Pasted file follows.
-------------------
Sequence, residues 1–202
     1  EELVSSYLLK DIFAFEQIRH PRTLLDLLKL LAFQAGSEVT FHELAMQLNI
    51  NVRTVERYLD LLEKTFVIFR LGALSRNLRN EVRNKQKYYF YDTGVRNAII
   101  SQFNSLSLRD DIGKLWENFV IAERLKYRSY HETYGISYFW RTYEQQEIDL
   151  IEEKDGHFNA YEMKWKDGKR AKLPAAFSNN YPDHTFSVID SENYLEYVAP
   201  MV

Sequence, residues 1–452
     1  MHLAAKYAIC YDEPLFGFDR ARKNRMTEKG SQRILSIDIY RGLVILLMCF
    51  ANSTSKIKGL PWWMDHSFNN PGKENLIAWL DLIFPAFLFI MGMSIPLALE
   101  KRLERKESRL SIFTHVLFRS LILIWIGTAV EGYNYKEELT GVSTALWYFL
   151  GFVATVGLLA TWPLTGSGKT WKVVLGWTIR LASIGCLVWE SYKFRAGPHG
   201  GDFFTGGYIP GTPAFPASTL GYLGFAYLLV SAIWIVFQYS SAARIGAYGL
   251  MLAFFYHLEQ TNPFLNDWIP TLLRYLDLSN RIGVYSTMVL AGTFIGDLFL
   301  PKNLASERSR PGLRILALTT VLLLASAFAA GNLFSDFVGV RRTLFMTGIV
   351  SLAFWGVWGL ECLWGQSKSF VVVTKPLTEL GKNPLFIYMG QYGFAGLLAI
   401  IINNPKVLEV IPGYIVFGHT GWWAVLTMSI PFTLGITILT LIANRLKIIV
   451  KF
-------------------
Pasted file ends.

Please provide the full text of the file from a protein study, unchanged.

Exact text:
Sequence, residues 1–202
     1  EELVSSYLLK DIFAFEQIRH PRTLLDLLKL LAFQAGSEVT FHELAMQLNI
    51  NVRTVERYLD LLEKTFVIFR LGALSRNLRN EVRNKQKYYF YDTGVRNAII
   101  SQFNSLSLRD DIGKLWENFV IAERLKYRSY HETYGISYFW RTYEQQEIDL
   151  IEEKDGHFNA YEMKWKDGKR AKLPAAFSNN YPDHTFSVID SENYLEYVAP
   201  MV

Sequence, residues 1–452
     1  MHLAAKYAIC YDEPLFGFDR ARKNRMTEKG SQRILSIDIY RGLVILLMCF
    51  ANSTSKIKGL PWWMDHSFNN PGKENLIAWL DLIFPAFLFI MGMSIPLALE
   101  KRLERKESRL SIFTHVLFRS LILIWIGTAV EGYNYKEELT GVSTALWYFL
   151  GFVATVGLLA TWPLTGSGKT WKVVLGWTIR LASIGCLVWE SYKFRAGPHG
   201  GDFFTGGYIP GTPAFPASTL GYLGFAYLLV SAIWIVFQYS SAARIGAYGL
   251  MLAFFYHLEQ TNPFLNDWIP TLLRYLDLSN RIGVYSTMVL AGTFIGDLFL
   301  PKNLASERSR PGLRILALTT VLLLASAFAA GNLFSDFVGV RRTLFMTGIV
   351  SLAFWGVWGL ECLWGQSKSF VVVTKPLTEL GKNPLFIYMG QYGFAGLLAI
   401  IINNPKVLEV IPGYIVFGHT GWWAVLTMSI PFTLGITILT LIANRLKIIV
   451  KF